Six steps of career choice.

Author Topic: Six steps of career choice.  (Read 724 times)

Offline ehsan217

  • Full Member
  • ***
  • Posts: 116
  • Test
    • View Profile
Six steps of career choice.
« on: August 14, 2013, 02:28:10 PM »
1) Most of us are in the position of making a career choice very early on in life and when we are young, it isn't so easy to decide whether or not the career we choose will suit us for a lifetime. Making a good career choice is actually about a lot more than choosing a job; it's about choosing something that will provide you with the lifestyle you seek. Don't decide until you're ready. Although this seems obvious advice, too many young people feel pressured into making a choice before they are really sure of what it is they want to do. In fact, many young people don't even know who they are, let alone what they want to become! If you need time, take off a year or two to go and discover yourself and what you're good at. School doesn't teach you a lot of life skills – life does. Many successful people take off time to slowly work out what it is that makes them tick and brings them fulfillment.

2) Look for breadth in your career choice. Instead of trying to narrow down your options, it can be helpful to keep open as many options as possible within your chosen trade, profession, or field of expertise. That way, you gain maneuverability and flexibility as you and the job change. For example, if you want to be a marine biologist, why not consider also taking a course in photography and writing, so that you can write or photograph stories about what is under the sea on a freelance basis. Keeping open your options might mean a little extra study but it will be worth it in the long run when you gain increased flexibility.

3)  Work to your strengths. Even if you are well into your chosen course, training, internship, or induction for your career, and find that you are always relying on your less strong attributes, it pays to stop and reassess the worth of continuing on this course. A lifetime spent working in an area where you don't get to rely on your strengths for the majority of the time will cause you a great deal of stress and disharmony and can prevent growth and enjoyment of your career. A good career will, on the whole, have you working to your strengths.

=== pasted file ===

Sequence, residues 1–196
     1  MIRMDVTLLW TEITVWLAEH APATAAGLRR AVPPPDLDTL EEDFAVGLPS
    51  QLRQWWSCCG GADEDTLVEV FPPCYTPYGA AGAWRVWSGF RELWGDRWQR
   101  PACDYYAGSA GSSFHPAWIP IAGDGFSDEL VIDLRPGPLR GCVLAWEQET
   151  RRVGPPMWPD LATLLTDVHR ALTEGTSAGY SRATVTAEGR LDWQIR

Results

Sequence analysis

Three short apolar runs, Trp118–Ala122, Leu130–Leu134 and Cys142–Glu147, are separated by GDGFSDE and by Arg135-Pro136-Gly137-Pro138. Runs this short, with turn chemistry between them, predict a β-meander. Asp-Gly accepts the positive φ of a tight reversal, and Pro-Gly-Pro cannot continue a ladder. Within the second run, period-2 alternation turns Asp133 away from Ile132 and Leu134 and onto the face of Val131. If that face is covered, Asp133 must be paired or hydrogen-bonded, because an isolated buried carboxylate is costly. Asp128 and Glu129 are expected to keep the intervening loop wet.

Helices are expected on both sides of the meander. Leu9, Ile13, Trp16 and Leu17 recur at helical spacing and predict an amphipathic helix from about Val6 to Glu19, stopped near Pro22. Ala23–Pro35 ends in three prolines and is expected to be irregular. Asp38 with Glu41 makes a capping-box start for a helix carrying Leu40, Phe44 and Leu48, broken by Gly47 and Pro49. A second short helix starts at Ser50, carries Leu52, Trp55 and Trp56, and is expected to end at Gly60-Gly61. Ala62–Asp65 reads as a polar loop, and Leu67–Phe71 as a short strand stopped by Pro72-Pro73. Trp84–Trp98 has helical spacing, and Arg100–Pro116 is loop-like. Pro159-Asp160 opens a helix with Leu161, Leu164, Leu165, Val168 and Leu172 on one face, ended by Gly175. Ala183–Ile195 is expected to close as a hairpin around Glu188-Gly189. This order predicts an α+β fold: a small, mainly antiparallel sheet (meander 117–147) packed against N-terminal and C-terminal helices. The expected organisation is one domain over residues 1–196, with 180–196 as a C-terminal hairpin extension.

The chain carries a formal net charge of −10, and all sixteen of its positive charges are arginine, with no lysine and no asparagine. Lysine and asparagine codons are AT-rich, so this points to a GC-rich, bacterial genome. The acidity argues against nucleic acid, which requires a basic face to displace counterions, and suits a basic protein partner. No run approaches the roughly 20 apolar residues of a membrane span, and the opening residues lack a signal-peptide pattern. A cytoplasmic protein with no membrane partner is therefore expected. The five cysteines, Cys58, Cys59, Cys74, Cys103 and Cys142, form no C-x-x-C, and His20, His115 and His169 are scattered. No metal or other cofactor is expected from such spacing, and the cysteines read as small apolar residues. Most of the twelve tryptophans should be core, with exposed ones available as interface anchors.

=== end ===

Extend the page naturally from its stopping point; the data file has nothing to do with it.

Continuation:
4)  Volunteer in your desired career. There is no better way to know whether or not the career is for you than to just pitch in and get your hands dirty. It's much more likely to happen if you take on such roles without payment, especially where the employer understands your motivations. If you can handle the work thrown to you and still want more, you're likely to be onto a winner. Moreover, the network contacts built up during volunteer experiences are priceless.

5)  Talk to people who work in your desired career. Ask them such questions as: "Do you still enjoy working in this career after all these years?", "What is it about this job that you like the most?", "What are the downsides to this job?", "Do you find that this job lets you have a good work-life balance?" Ask away and you will soon get a good sense of fit for you.

6)  Listen to advice but make your own decision ultimately. Parents, teachers, friends, careers counselors – all of them tend to mean well but they're not you. It's you who has to feel comfortable with the cloak you wear, the boots you strap on, and the daily routine that you adapt to. Nobody else can truly know what works for you. Also, don't be put off by stories from people who have nothing to do with your career but have a bag of hearsay to feed you, both good and bad. They don't know, and often what they do know is gleaned from the entertainment industry, hardly a decent resource for reality! Be polite but do your own research and thinking on the matter. The same principles apply to a change of career, something that happens often in mid-life but can also happen early on, or even much later. As with making your first decision, having the right information at your fingertips is crucial, including information about the acceptance by the industry or business in question of taking on someone in your position. Again, don't listen to other people's stories; you can rely more on those who actually work still in the particular career you intend to switch to, but even then, they cannot fully comprehend what you might bring to a new career with your previous experience in tow. Do your research, soul-searching, additional training, and stick with your convictions. Importantly, change of career is considered to be a lot more normal and responsible than it has been at any other time in history (leaving out politicians, of course!).